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    Umm, you have the utmost respect for them ... but they are osteopaths that didn't go to medical school? Nice cover there Doogie. I seriously love being a pre-med. Do you ever get tired of knowing everything?? Because I personally find it exhausting sometimes. Thanks for clearing up that 'Allopathic' thing as well. We wouldn't want morons making false assumptions based on terminology in this thread now would we??
  37. cyclohexanol

    cyclohexanol No, no. Doggie afuera.

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    One of my friends and classmates at COMP transferred to Tulane after 1st year. So yes, it happens... just like any other transfer.

  38. Frank l

    Frank l

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    Mmmm...yeah...I think that is retarded.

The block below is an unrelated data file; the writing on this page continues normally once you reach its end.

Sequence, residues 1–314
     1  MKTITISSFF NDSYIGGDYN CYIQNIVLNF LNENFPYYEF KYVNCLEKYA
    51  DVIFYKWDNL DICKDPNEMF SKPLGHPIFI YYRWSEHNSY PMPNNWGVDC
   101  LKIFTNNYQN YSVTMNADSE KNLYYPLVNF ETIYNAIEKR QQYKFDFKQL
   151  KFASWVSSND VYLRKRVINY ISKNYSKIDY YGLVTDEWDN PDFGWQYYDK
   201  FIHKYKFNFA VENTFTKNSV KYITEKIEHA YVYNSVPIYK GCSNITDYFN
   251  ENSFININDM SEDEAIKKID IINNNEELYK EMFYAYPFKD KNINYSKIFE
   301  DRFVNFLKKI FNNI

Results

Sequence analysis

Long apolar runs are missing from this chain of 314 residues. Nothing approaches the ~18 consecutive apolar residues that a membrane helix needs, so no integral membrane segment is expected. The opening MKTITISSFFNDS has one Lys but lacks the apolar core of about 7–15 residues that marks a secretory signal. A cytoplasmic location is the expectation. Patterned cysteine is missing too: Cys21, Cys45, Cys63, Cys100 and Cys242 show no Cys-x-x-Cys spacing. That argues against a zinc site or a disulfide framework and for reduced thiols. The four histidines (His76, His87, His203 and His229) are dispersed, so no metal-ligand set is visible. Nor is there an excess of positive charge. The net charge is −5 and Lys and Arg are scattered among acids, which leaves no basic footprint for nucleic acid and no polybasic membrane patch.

39. J1515

    J1515 Member

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    I agree. I'm begining to think some pre-meds should just completely skip medical school and start practicing right after undergrad. All you really need is what your daddy told you (because of course he's a doctor) and what the several hundred doctors you shadowed told you. What else is there to know?
  40. Ki45toryu

    Ki45toryu In this corner...

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    Even residency should just go by the wayside...it's just extra years you aren't making 'real' money.
  41. notdeadyet

    notdeadyet Still in California Moderator

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    Assume with confidence that anywhere you start medical school is where you're going to graduate. People who transfer are a statistically anomally.

    Very, very few folks transfer between medical schools each year, in spite of lots of people wanting to. Folks say that you need a good reason (spouse, family illness, etc.), but that is secondary to the first qualifier: that a school is looking to fill a spot. That's a very rare thing.